Solutions of the problems in the section 1 of GTM 81

Problem 1.1. (a) We have \infty\not\in\emptyset and \emptyset be open set in \mathbb{R}^n hence \emptyset be open set in X, we have also that X be open in X because \infty \in X and X-X=\emptyset be compact set in \mathbb{R}^n.
Assume that U,V are open sets in X, if \infty\not\in U or \infty\not\in V then \infty\not\in U\cap V and U\cap V is an open set in \mathbb{R}^n therefore U\cap V is open set in X. If \infty\in U and \infty\in V then U=\{\infty\}\cup U',V=\{\infty\}\cup V', here \infty\not\in U'\cup V' and \mathbb{R}^n-U',\mathbb{R}^n-V' are compact sets in \mathbb{R}^n. We have X-(U\cap V)=\mathbb{R}^n-(U'\cap V')=(\mathbb{R}^n-U')\cup (\mathbb{R}^n-V') is compact set in \mathbb{R}^n and \infty\in U\cap V therefore U\cap V be open set in X.
Assume that \{U_i\}_{i\in I} is a family of open sets in X and \infty\in U_i\forall i \in J,\infty\not\in U_i\forall i\in I-J for some J\subseteq I (maybe empty). If \infty\not\in\cup_{i\in I}U_i then \cup_{i\in I}U_i be open in \mathbb{R}^n, and so open in X. If \infty\in\cup_{i\in I}U_i then X-\cup_{i\in I}U_i=[\cap_{i\in J}(\mathbb{R}^n-U_i)]\cap [\cap_{i\in I-J}(\mathbb{R}^n-(U_i-\{\infty\}))] is closed and bound in \mathbb{R}^n, also it is compact set in \mathbb{R}^n, therefore \cup_{i\in I}U_i is open set in X.
Thanks to all conditions above we have X is a topological space.
Assume x\not=y are elements in X. If \infty \not\in \{x,y\} then x,y\in\mathbb{R}^n, note that because \mathbb{R}^n is Hausdorff space we can find open sets U_x,U_y in \mathbb{R}^n such that x\in U_x,y\in U_y and U_x\cap U_y=\emptyset(Note: U_x and U_y are also open sets in X). If \infty\in \{x,y\} , assume that y=\infty, denote U=S(x;1)=\{z\in\mathbb{R}^n|||z-x||<1\},\overline{U}=\{z\in\mathbb{R}^n|||z-x||\leq 1\} and V=\{\infty \}\cup (\mathbb{R}^n-\overline{U}). Then U,V are open sets in X, x\in U,y\in V and U\cap V=\emptyset.
Compactness of X is a immediately follows from (b).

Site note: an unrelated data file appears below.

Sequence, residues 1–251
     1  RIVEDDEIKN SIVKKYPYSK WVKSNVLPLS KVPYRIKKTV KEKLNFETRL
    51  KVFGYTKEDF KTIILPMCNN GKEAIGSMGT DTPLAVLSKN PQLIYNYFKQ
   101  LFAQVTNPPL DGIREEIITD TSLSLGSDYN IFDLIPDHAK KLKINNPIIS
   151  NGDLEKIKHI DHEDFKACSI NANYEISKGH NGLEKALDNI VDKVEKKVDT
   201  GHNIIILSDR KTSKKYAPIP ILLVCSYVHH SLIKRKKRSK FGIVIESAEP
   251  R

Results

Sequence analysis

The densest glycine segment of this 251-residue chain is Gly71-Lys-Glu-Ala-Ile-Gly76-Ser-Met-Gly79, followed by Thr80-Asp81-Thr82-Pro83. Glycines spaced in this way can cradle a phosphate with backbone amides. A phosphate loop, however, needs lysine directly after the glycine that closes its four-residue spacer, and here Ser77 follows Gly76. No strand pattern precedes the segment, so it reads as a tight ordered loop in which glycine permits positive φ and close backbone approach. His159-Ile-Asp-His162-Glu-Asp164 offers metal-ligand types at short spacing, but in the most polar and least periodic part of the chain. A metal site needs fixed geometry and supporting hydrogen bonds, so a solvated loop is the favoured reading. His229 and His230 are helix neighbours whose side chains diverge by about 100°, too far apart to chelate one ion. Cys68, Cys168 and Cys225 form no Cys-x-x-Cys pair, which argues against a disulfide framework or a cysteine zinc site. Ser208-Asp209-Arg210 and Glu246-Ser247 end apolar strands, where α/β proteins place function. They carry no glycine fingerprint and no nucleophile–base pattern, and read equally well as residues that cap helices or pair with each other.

(b)We have \sigma be a surjective because \sigma (0,\cdots,0,1)=\infty and \sigma (x_1,x_2,\cdots,x_{n+1})=(y_1,y_2,\cdots,y_n)\forall (y_i)\in\mathbb{R}^n, where x_i=\dfrac{2y_i}{k+1}(i=\overline{1,n}),x_{n+1}=\dfrac{k-1}{k+1},k=\sum_{i=1}^ny_i^2. But it is easy to see that \sigma is an injective(checking \sigma (x)=\sigma (y) then x=y), therefore \sigma is a bijective. By above formular, we have \sigma is a homeomorphism.(x_n\to x_0\Leftrightarrow \sigma (x_n)\to\sigma (x_0) in topology of \mathbb{R}^n)

Problem 1.2. We have D=\{z\in\mathbb{C}|cz+d\not =0\} is an open set in \mathbb{C} and f'(z)=\dfrac{ad-bc}{(cz+d)^2}\forall z\in D therefore f is holomorphic on D.
If c=0 then ad\not=0 we definition f:\mathbb{P}^1\to\mathbb{P}^1 by setting f(\infty)=\infty.
If c\not =0 then we definition f:\mathbb{P}^1\to\mathbb{P}^1 by setting f(\infty)=\dfrac{a}{c} and f(-\dfrac{d}{c})=\infty.
In both cases we have f is continuous over \mathbb{P}^1 and f is a bijective, it is easy to find formular of f^{-1} and check f and f^{-1} are holomorphic.

Problem 1.3.

Problem 1.4. The problem is wrong, an example \omega_1=1,\omega_2=i and \omega_1'=\sqrt{2}+i,\omega_2'=1+i\sqrt{2} and A=\left(\begin{matrix}\sqrt{2}&1\\1&\sqrt{2}\end{matrix}\right). Then \left(\begin{matrix}\omega_1'\\ \omega_2'\end{matrix}\right)=A\left(\begin{matrix}\omega_1\\ \omega_2\end{matrix}\right) and \omega_1'\not\in \Gamma . In my opinion, A must is belong to \text{SL}(2;\mathbb{Z}).
Problem 1.5. (a)Assume that U is open in \mathbb{C}/\Gamma' and f is original map. We have \pi^{-1}(f^{-1}(U))=\{y\in\mathbb{C}|\pi (y)\in f^{-1}(U)\}=\{y\in\mathbb{C}|\pi'(\alpha y)\in U\} and \pi'^{-1}(U) is open in \mathbb{C} therefore \pi^{-1}(f^{-1}(U)) is open in \mathbb{C}, so $f^{-1}(U)$ is open in \mathbb{C}/\Gamma , or f is continuous.
If \psi_1:U_1\to V_1 and \psi_2:U_2\to V_2 are complex charts of \mathbb{C}/\Gamma and \mathbb{C}/\Gamma', respectively, such that f(U_1)\subset U_2. We have \psi_2\cdot f\cdot \psi_1^{-1}(z)=\psi_2\cdot f ([z]_\Gamma ) =\psi_2 ([\alpha z]_{\Gamma'})=\alpha z\forall z\in V_1 therefore f is holomorphic.
If f is biholomorphic then f must is bijection and \alpha \Gamma =\Gamma'. In fact, if x\in \Gamma'-\alpha \Gamma then f([\dfrac{1}{\alpha}x])=f([0]) but [\dfrac{1}{\alpha}x]\not =[0], contradiction!
If \alpha \Gamma =\Gamma' then f is bijective and \dfrac{1}{\alpha}\Gamma'\subseteq \Gamma therefore by above, f and f^{-1} are holomorphic.
(b)We have \Gamma =\mathbb{Z}\omega_1+\mathbb{Z}\omega_2=\omega_1(\mathbb{Z}+\mathbb{Z}\cdot\dfrac{\pm\omega_2}{\omega_1}) and use (a).
(c)Use (a) again!

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